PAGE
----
Hegedus and Henshaw are well placed to see the changes since the trust was launched. Hegedus has been in Doncaster for five years, since her first year in practice, and Henshaw transferred to the trust before beginning a year’s maternity leave a week after it launched.
On returning, she says it was “worlds apart” from where the council service was.
“In the first year of being employed [in the council] I had nine different service managers, there was never any sense of commitment or leadership because the leadership was always changing.”
They see the changes on the frontline now though, with clear expectations set out to staff, a shared vision and strong leadership, which Henshaw believes “makes a massive difference” to taking people on the journey.
Hegedus highlights the distribution of the workforce into localities across the town as a major step forward.
“We went into four localities, which we are still working in. The management structure that was created when we moved into the trust was a lot better. There were more visible permanent managers, permanent heads of service, and that was beneficial for me as a social worker, for my families.
“There’s a lot more willingness to allow us as social workers to have time to actually do things with our kids, so I’m able to do life story work, and prioritise time in my diary for that work for young children.”
Knowing itself well was key for the trust to improve. The skills audit outlined the journey for the workforce, but developing a more robust and up-to-date understanding of performance data was a crucial element of beginning to improve the experience of children and families.
Marcus Needham, the trust’s performance manager, leads a team focused on using performance data to improve practice. Central to this has been developing a system that allows managers non-stop access to performance data.
Henshaw says this information is “gold dust” to help her manage her team. “Social workers, initially, were quite worried by the level of performance data we were putting in place, but now they are excited to see it and have the conversations with you [about it].”
Members of the performance data team travel to each locality once a month, sit down with managers and heads of service and identify trends and issues to be addressed.
Henshaw adds: “It gives you a baseline from which to work. I use performance data in individual supervision with my staff to help them understand what they need to do and how that impacts in terms of our key performance indicators.”
Thoroughly collecting data helps improve social work practice, Needham explains, adding that indicators relate directly to the child’s experiences. He says if a professional doesn’t see a child alone during an assessment it makes recording their voice more difficult, and making that data visible helps improve practice.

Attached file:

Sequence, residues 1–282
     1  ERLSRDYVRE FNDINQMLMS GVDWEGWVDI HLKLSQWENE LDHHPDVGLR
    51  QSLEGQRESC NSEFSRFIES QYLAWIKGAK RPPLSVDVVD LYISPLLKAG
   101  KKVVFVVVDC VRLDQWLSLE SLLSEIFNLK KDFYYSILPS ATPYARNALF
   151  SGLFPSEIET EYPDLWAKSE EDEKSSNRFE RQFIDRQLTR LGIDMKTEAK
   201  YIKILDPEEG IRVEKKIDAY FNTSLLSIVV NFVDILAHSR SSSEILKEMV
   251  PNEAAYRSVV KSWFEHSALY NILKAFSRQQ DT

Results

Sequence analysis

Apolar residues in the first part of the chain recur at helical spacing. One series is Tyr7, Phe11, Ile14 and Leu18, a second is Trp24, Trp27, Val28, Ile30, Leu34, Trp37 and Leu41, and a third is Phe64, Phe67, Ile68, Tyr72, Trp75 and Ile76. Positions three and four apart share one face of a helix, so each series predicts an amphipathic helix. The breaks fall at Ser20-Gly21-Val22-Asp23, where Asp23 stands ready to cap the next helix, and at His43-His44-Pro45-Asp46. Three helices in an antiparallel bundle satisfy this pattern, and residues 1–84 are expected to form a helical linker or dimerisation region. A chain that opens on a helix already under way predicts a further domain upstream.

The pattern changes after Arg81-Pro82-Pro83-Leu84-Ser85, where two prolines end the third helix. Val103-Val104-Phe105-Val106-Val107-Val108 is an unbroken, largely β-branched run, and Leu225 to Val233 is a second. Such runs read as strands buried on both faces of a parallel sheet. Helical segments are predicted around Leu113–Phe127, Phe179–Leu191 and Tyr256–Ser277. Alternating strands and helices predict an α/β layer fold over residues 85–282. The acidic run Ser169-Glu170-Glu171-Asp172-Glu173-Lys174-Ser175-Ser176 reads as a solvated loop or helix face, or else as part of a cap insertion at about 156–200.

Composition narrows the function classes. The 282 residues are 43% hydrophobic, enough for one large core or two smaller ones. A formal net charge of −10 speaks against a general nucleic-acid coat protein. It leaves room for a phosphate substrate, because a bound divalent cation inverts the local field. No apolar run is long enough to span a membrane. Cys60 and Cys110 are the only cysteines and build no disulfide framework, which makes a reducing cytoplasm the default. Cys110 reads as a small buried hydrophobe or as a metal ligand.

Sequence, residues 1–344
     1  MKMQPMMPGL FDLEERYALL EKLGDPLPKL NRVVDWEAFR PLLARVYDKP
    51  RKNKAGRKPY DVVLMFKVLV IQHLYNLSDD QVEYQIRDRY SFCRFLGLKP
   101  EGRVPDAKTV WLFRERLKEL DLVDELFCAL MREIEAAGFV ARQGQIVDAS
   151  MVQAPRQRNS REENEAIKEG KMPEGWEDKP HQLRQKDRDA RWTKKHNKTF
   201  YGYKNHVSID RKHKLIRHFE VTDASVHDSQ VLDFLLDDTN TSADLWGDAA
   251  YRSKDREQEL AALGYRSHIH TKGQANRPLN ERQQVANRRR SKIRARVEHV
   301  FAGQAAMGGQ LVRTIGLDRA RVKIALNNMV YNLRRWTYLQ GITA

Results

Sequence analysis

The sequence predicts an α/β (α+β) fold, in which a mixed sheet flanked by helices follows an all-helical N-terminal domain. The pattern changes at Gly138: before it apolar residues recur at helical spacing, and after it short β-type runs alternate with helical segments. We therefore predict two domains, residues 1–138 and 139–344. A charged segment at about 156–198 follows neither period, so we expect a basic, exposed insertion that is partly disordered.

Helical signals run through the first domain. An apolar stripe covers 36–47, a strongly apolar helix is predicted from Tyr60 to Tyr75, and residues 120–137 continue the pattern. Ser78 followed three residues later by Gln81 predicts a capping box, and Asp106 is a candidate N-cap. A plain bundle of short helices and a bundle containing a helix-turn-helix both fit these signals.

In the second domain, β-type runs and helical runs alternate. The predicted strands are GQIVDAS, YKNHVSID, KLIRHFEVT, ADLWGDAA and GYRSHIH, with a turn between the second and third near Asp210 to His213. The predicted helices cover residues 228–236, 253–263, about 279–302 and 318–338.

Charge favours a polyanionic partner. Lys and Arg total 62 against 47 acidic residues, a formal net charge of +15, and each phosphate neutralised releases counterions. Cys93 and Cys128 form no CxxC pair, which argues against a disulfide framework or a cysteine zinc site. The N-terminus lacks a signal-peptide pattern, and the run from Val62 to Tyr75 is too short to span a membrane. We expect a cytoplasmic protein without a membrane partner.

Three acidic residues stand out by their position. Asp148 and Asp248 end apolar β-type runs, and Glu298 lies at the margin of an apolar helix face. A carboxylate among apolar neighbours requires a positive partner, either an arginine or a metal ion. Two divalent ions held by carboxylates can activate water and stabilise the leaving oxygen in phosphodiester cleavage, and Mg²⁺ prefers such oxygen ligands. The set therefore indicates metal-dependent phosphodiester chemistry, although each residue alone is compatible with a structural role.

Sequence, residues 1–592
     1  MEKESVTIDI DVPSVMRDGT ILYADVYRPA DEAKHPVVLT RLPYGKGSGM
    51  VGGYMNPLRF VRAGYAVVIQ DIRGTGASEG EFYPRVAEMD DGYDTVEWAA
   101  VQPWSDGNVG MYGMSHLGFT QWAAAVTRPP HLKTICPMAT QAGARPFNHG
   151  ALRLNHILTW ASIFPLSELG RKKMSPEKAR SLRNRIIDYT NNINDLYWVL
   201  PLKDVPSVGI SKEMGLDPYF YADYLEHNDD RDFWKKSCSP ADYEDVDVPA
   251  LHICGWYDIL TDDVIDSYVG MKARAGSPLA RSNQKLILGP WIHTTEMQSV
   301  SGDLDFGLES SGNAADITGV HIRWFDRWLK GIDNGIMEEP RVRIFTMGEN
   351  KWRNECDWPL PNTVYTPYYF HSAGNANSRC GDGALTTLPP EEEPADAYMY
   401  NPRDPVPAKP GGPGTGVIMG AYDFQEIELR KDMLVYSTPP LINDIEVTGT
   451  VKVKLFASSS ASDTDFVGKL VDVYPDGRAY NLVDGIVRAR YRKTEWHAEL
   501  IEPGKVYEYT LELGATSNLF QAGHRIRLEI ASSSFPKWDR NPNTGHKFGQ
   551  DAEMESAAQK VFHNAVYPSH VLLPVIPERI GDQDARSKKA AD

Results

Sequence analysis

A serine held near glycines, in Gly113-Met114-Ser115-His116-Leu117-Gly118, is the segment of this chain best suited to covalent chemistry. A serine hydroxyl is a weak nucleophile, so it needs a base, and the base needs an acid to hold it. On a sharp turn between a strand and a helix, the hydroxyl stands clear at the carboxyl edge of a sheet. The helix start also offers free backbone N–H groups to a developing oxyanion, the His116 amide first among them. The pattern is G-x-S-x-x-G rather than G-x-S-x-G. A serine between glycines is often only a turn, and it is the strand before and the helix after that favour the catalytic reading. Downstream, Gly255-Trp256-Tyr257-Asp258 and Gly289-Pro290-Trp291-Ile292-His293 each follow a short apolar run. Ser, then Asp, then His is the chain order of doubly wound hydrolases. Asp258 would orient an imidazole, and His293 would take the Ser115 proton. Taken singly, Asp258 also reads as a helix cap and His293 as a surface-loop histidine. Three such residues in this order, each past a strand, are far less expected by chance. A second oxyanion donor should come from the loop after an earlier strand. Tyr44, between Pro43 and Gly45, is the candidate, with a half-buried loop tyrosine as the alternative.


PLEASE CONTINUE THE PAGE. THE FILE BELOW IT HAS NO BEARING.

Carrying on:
“By making that visible you’re saying – you visited the child, but you didn’t see them alone.”
“Then, if you do go and see them alone, that helps with your narrative when writing the assessment.”
He says the development of the data and its use in practice was influenced by young people.
“My team is child focused. We have representation on voice groups, we’ve worked with care leavers, the children in care council, to look at performance. It’s not just having a visit, it’s having a visit that is meaningful and a system where they can record the child’s voice and it be clear where the child’s voice is in that data.”
Building for the future
The voices of children will continue to be a part of the trust’s future.
Becci and Fanso explain, as they approach the end of their tenure as young advisors and make university plans, that part of their role is supporting young advisors of the future.
“Two years ago, it wasn’t part of [Becci’s] plan to go to university,” Cusack says. “The young advisor role is about building confidence and planning for success, so we always have these kids coming through and changing things.”
An innovation of Becci’s was for the trust to sell the Hear Me training, delivered free to trust staff, to partner agencies and local businesses. She worked with the trust’s financial officer to build a business plan and pitched it to Moffat.
The money made is kept in a fund called ‘Becci’s bursary’, which is used to buy books and support other care leavers into university to study social care, where she is going in September to train as a social worker.
Its not just their personal situations and ability to generate change which has shifted since the trust was established, but the situations of children in care.
“Young people’s voices have been taken more into account, things are taken seriously now. If you request something, we can see the change in a short space of time,” says Fanso.
Becci adds: “First it was us telling them stuff, now they are coming to us. They go to all different kids and young people who have an opinion and ask for it.
“It didn’t used to be like that.”